In an effort to cheer up Republicans who may have read George Will’s column suggesting they forget about the presidency and focus on winning Congress, the Wall Street Journal‘s William McGurn hauled out conservatives’ favorite comfort blanket: Barack Obama is another Jimmy Carter, 2012 is another 1980, and hard as it is to imagine for his acolytes today, Ronald Reagan was once thought to be a sure general election loser, too (or at least by the New York Times, whose 1980 editorial suggesting that Republicans were blowing a big winning opportunity is abundantly quoted to establish the premise).

McGurn then laboriously goes through parallels between 1980 and 2012: there was an incumbent Democratic president in place; there were turbulent, divisive GOP primaries; there was a party split that produced an independent candidacy; there were early polls showing Reagan losing to Carter by double-digits; there were MSM journalists saying the nominee an the party had gone too far to the right; there were candidate gaffes. Anticipating the most obvious objection to the hypothesis, McGurn has this deft maneuver:

[T]he parallels to 1980 take you only so far, and Mitt Romney is no Ronald Reagan. Still, at this same point in his campaign for the GOP nomination, neither was Reagan. The President Reagan we rightly admire for bringing down the Berlin Wall, reviving the U.S. economy, and attracting into the GOP millions of disaffected Democrats was still to come.

And he got there by transcending the conventional wisdom rather than allowing himself or his message to be limited by it.

Message to Mitt: hang tough and do not “move to the center.”

This is all well and good, I suppose, and you certainly can’t fault Mitt Romney for failing to make every effort to identify himself with St. Ronnie and the incumbent with Jimmy (see today’s Romney op-ed on Iran).

But in racing through the parallels between 1980 and 2012, McGurney fails to note the many rather important differences.

Yes, the economy sucks right now, with unemployment presently over 8%. But in 1980, America’s unemployment rate was nearly as high (7%), and we also had, as old-timers remember with a shudder, a 14% inflation rate and a prime borrowing rate of 15%. The chronic condition of the economy, known as “staglation,” was psychologically debilitating and even more frustrating to policymakers than today’s recession. Americans were definitely looking for something, anything, new, and Reagan offered that through an agenda of supply-side tax cuts and deregulation, approaches which had not, at that point, demonstrated their shortcomings and downsides.

Is Obama’s political situation really just like Carter’s? Well, there is this little matter of Carter facing a brutal, extended, divisive primary challenge from Ted Kennedy, which he barely survived. By the time of the Democratic Convention, when Carter’s approval rating was in the low thirties, there was a serious effort by major party leaders to unbind delegates and dump the president. This sort of intraparty heartburn does not look to be in the cards for Obama.

McGurney mentions John Anderson’s independent candidacy as a big problem for Reagan (presumably as a parallel to talk about a Ron Paul third-party run), and it was at one point. But by the general election stretch run, with Anderson bleeding support daily, the independent was heavily drawing such support as he retained from liberals–probably many of them the same people who voted against Carter in the primaries–and was running on a message well to Carter’s left (I happened to hear Anderson speak in California in October, when a big part of his pitch was his support for gay rights, a really unusual position in those days).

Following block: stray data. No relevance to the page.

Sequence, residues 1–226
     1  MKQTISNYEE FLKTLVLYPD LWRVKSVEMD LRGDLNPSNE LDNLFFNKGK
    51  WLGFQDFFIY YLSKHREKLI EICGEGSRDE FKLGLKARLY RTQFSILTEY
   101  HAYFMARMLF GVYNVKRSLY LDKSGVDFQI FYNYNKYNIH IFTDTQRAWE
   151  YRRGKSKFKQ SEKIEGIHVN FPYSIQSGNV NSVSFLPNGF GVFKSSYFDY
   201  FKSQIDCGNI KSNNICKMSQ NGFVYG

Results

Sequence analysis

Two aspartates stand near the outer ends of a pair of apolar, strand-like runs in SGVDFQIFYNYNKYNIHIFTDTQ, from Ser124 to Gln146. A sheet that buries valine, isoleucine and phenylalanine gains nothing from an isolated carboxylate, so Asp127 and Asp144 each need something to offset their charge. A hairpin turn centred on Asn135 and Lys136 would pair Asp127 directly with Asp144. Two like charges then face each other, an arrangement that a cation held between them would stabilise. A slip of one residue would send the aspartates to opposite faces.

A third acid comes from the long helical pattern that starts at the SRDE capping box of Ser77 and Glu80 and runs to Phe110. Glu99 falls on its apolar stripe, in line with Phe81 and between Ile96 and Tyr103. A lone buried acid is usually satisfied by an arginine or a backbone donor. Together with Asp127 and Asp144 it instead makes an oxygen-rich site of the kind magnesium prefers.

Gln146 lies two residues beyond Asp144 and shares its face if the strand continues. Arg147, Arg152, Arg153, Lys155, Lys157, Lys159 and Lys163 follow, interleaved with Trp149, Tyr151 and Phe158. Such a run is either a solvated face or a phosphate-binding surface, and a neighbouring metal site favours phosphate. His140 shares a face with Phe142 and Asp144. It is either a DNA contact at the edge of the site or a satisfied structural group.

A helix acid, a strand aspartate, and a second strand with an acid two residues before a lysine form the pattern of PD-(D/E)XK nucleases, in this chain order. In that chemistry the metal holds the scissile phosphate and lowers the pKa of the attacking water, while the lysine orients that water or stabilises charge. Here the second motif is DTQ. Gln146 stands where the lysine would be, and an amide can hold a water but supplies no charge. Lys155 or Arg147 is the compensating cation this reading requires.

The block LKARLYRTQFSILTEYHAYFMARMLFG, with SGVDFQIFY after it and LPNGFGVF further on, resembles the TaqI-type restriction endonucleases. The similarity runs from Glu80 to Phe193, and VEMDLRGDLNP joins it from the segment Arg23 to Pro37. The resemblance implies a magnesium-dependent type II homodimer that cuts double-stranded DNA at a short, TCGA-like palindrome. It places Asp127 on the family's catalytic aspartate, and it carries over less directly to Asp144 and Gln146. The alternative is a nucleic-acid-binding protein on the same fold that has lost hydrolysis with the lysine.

And then there was another Carter problem that has been long forgotten: when he was elected in 1976, a big part of his coalition was white southerners–and southern-inflected voters elsewhere, particularly in the midwest–voting for him as a matter of regional pride (in many case reinforced by religious identification, given his outspoken evangelical affiliation). As is generally the case after a “historic” breakthrough win, Carter’s regional and religious pull slackened greatly in 1980; he certainly did not benefit from endorsements by George Wallace and Jerry Falwell, as he did four years earlier. You could try to construct a parallel with Barack Obama’s historic levels of African-American support in 2008, but African-Americans are not exactly swing voters (as white southerners most definitely were in 1980), and even if there is a small dropoff in African-American turnout, it will affect the results on the margins, and most emphatically in states Republicans expect to win anyway.

I could go on with the many differences between 1980 and 2012, between Carter and Obama, and between Reagan and Romney, and between the America of that day and this (there was not, you might recall, much of a Hispanic vote in 1980), but you get the idea. Yes, if out of the blue inflation and interest rates explode, and Democrats become radically disaffected with Obama, and Americans Elect gets a candidate attractive to liberals on the ballot, and the African-American vote turns heavily against the president, and Mitt Romney becomes a symbol of fresh thinking–then you’ll have a good parallel case for another 1980 result this November.

Republicans are welcome to continue to comfort themselves with this sort of reasoning, but as Will said, they really do need a Plan B.

Ed Kilgore

Ed Kilgore is a political columnist for New York and managing editor at the Democratic Strategist website. He was a contributing writer at the Washington Monthly from January 2012 until November 2015, and was the principal contributor to the Political Animal blog.